Mad about museums!
The history of art, cinema, cars and chocolate - in Turin.
There are more than forty museums in Turin and although the majority of visitors to Piedmont's buzzing capital are likely to head straight to either the city's Egyptian Museum, or the Museum in which the Holy Shroud is displayed, others will make their way to one of the lesser known, but equally fascinating, collections such as the city's Fruit Museum or Puppet Museum.
Points of view
Our tour of Turin, which, from 1861 to 1865, was the first capital of unified Italy, commences with a trip to the Museo Nazionale della Montagna "Duca degli Abruzzi".
Founded in 1874 as mountain observation point, next to the church and monastery on Monte dei Cappuccini, the museum houses exhibitions concerning the mountain environment, the traditions of the Alpine community and, in particular, the history of mountaineering.
The museum's Alpine observation point and viewing terrace, this latter added to the roofs of the edifice in 2005, offer a spectacular panoramic view of the Alps and the city of Turin below.
Pyramids in Piedmont?
Turin's Egyptian Museum, in the Palazzo dell'Accademia delle Scienze, is the second largest in the world, after that in Cairo.
Turin's Egyptian Museum contains some 30.000 exhibits, which record the history and civilization of Egypt, from the Paleolithic age onwards, and includes unique pieces of art, everyday objects, and funereal garb
The museum is located half-way between the centrally placed Piazza Carlo Alberto and Piazza S.Carlo, this latter is home to the impressive Caval d'Bronz.
Over the years, the name of the square has been changed on more than one occasion: in the Napoleonic era it was known as the Place Napoleon.
Shopping, coffee and chocolate
At the heart of the city's vibrant social life, the square is linked to the Piazza Castello by way of Via Roma: the main road of the city and a popular shopping street.
Via Roma was once frequented by writers and aristocrats who could be found passing away the time of day in Turin's historic cafes, located beneath the baroque arcades of the 17th century Palazzo Solaro del Borgo.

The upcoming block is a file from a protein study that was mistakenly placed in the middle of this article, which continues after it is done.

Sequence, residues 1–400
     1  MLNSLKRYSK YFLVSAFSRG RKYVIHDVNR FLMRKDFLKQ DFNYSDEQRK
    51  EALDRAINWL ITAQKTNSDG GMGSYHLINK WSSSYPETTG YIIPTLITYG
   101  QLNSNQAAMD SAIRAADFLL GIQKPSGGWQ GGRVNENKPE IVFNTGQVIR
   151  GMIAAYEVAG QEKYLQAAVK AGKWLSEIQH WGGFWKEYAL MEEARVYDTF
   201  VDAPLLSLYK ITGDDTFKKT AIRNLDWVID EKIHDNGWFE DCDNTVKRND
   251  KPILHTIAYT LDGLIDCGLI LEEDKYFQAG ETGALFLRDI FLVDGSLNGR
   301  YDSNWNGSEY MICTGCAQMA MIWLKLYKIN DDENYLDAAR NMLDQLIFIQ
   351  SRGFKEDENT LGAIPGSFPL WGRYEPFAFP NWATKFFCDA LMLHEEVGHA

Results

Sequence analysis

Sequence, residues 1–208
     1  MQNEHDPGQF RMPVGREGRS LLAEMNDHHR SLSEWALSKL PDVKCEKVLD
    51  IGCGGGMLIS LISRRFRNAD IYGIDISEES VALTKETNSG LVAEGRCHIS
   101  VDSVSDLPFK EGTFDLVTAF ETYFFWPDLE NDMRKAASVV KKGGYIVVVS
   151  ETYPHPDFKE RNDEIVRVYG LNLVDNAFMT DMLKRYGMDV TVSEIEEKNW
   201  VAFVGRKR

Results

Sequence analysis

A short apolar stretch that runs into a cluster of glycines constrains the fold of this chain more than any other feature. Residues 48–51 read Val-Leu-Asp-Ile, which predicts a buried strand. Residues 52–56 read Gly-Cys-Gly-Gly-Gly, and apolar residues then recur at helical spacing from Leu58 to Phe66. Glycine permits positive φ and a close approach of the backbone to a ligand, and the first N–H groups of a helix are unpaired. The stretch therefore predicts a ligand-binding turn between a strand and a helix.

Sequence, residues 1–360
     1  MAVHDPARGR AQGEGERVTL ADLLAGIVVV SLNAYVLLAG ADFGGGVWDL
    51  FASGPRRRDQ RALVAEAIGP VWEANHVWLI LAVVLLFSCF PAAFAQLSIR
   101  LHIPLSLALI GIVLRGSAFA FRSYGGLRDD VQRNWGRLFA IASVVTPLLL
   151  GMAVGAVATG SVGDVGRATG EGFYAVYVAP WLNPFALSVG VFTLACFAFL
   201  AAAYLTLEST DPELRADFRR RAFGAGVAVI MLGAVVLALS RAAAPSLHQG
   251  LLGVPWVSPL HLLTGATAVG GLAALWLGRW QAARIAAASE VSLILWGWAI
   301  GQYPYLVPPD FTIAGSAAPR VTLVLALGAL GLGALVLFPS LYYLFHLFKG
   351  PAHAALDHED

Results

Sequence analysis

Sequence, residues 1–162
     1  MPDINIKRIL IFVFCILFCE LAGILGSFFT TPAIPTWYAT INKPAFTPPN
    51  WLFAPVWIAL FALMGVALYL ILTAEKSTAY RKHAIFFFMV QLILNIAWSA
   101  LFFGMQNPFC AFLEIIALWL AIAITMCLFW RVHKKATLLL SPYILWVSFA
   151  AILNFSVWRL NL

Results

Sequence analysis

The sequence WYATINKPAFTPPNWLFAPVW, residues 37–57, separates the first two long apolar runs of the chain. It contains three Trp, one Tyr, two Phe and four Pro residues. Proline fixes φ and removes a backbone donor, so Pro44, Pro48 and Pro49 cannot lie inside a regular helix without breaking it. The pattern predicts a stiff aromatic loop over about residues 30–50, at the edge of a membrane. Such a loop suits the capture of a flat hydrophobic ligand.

Turin is famous for both its coffee culture and for the production of chocolate: a delicacy to which a soon-to-open museum at Porta Palazzo will be entirely devoted.
As of July 2000, one of the symbols of Turin, the imposing Mole Antonelliana, has housed the city's National Cinema Museum.
The National Cinema Museum covers 3200 square meters and spans five floors, each one being dedicated to a different aspect of the world of film: the Archeology of Cinema, the Film Camera, the Poster Collection, Video Installations, and the Temple
Turin is the undisputed capital of Italy's automobile and design industry. The Fiat Lingotto building, designed by Giacomo Mattè Trucco in 1916, is widely considered a masterpiece of industrial architecture and a symbol of Italian modernity.
Italy's celebrity architect, Renzo Piano, was involved in the edifice's conversion from a car manufacturing plant into a stunning 70,000sqm exhibition center, a project completed in 1995.
Want to see the best collection of classic cars in Italy? Go to Turin's Automobile Museum, recently redesigned by the architect Cino Zucchi!